UNICEF and some 25 other national and international organisations working in rural drinking water caution that the next big push should be in sanitation-constructing lavatories. The New Era survey showed that areas with new water supply saw a two-thirds drop in incidence of diarrhoea. These improvements can be enhanced when water supply is coupled with better hygiene.
Hans D Spruijt, who heads UNICEF's Water and Environmental Sanitation section, has calculated it all: "Access to plenty of water reduces diarrhoea by 20 percent, maintaining the quality of water for drinking purposes reduces it by another 15 percent and washing hands properly and at right time can reduce it by an additional 35 percent. This means access to good quality drinking water can reduce the incidence of diarrhoea by 65-70 percent." Diarrhoea and diarrhoea-related deaths acount for close to a third of infant morbidity and mortality.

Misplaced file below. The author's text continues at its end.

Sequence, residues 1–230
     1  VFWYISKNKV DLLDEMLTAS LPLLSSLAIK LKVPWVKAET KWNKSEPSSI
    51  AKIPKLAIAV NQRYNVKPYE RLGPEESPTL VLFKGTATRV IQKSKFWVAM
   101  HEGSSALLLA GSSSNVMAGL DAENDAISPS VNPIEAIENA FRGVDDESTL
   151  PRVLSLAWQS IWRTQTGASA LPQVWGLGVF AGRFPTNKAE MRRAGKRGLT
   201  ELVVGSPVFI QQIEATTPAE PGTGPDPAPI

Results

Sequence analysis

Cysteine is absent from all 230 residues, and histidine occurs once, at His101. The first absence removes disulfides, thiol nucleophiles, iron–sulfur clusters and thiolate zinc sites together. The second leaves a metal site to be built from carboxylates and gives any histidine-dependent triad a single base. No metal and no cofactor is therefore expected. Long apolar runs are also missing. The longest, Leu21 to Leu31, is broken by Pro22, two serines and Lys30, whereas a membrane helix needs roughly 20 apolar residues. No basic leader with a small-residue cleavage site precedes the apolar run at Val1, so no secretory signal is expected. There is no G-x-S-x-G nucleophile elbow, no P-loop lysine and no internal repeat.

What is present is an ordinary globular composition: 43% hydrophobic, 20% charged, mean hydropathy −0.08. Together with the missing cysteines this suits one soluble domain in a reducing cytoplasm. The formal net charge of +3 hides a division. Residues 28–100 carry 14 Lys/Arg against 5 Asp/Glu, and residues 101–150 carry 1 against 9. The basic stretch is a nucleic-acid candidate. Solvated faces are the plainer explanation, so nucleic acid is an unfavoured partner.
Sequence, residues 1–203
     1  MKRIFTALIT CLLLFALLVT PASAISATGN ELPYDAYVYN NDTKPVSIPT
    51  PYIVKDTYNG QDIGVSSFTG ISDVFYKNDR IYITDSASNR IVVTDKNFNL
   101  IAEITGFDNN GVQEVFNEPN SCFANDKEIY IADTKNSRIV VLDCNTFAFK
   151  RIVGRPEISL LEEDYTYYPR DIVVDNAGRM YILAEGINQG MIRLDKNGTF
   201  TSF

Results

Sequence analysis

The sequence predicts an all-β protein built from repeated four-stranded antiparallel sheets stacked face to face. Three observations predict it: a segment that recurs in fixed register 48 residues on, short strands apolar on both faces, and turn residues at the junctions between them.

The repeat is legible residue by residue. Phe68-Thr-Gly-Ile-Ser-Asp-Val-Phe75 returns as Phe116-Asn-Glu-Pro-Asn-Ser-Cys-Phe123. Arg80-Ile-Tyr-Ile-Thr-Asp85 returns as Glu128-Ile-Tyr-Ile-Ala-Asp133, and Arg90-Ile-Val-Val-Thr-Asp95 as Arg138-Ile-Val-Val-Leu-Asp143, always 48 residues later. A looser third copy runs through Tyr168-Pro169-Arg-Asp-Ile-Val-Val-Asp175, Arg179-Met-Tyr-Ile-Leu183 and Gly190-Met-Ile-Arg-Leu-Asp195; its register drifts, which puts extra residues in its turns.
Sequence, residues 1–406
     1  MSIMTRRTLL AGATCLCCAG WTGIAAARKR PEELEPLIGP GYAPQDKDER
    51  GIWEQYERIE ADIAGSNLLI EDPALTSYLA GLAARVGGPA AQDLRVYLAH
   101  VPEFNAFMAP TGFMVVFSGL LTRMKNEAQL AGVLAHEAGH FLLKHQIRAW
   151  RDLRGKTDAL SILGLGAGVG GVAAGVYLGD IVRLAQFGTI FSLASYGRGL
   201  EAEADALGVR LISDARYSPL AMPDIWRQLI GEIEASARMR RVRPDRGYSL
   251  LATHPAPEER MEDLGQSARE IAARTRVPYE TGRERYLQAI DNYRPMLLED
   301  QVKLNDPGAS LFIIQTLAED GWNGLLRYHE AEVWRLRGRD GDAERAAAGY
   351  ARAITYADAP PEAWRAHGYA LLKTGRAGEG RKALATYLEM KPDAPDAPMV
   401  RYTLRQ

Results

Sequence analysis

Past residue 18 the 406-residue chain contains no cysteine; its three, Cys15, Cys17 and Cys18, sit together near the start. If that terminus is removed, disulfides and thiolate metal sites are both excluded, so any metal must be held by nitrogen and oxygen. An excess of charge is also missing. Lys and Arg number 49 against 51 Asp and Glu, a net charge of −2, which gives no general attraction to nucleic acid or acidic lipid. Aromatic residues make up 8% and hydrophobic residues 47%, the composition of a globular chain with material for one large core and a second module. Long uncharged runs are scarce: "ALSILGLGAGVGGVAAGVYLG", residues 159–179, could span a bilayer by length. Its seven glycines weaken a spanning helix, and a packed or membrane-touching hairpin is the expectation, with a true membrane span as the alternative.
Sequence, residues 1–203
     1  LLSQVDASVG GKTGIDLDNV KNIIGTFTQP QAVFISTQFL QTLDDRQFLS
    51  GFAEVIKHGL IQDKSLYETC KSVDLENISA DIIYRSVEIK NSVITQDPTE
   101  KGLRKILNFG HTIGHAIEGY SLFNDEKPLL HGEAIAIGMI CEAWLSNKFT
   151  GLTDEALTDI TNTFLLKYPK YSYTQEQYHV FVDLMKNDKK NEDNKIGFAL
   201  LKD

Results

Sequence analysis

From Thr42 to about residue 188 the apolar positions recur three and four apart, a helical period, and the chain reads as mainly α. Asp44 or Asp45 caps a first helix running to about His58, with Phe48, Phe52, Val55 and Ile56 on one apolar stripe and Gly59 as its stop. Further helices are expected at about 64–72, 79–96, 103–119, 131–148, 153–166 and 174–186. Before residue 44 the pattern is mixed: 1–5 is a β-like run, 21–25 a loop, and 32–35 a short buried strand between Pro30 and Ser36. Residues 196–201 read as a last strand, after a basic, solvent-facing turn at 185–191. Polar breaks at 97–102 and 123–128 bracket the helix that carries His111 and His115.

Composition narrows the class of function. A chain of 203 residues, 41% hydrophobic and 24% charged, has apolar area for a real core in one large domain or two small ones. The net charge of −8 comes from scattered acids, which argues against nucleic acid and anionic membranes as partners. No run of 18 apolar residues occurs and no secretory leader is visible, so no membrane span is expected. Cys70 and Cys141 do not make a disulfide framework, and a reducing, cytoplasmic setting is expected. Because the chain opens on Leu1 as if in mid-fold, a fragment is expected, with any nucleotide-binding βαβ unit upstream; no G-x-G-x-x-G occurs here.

Although the approach remains women-focused, there is reason to believe that when it comes to loos, men make the call. UNICEF's statistics show that while 80 percent of households in Nepal have access to safe drinking water, only 30 percent have proper toilets. Over half the households without safe toilets told UNICEF that they couldn't afford them, but the agency maintains that people's attitudes and habits are the main obstacles.